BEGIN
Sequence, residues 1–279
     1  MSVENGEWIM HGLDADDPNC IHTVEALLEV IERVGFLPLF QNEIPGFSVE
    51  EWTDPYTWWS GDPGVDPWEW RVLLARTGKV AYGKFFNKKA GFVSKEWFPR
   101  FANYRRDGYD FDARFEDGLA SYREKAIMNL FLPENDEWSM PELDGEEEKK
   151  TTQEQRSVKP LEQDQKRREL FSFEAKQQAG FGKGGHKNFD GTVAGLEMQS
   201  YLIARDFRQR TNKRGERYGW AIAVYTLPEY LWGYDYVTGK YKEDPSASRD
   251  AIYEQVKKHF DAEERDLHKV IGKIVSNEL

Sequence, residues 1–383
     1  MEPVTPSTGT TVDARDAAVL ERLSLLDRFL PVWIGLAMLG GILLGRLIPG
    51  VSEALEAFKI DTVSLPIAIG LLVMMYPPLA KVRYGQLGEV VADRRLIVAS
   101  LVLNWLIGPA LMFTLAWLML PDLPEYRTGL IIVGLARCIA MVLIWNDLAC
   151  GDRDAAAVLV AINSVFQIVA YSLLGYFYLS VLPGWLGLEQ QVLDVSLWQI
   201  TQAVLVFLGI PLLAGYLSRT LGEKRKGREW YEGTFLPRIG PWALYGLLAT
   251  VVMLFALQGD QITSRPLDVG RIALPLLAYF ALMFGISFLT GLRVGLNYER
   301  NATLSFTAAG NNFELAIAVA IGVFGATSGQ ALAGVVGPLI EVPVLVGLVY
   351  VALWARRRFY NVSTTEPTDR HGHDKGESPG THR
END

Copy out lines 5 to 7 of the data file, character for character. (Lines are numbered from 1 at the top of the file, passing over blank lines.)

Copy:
   151  TTQEQRSVKP LEQDQKRREL FSFEAKQQAG FGKGGHKNFD GTVAGLEMQS
   201  YLIARDFRQR TNKRGERYGW AIAVYTLPEY LWGYDYVTGK YKEDPSASRD
   251  AIYEQVKKHF DAEERDLHKV IGKIVSNEL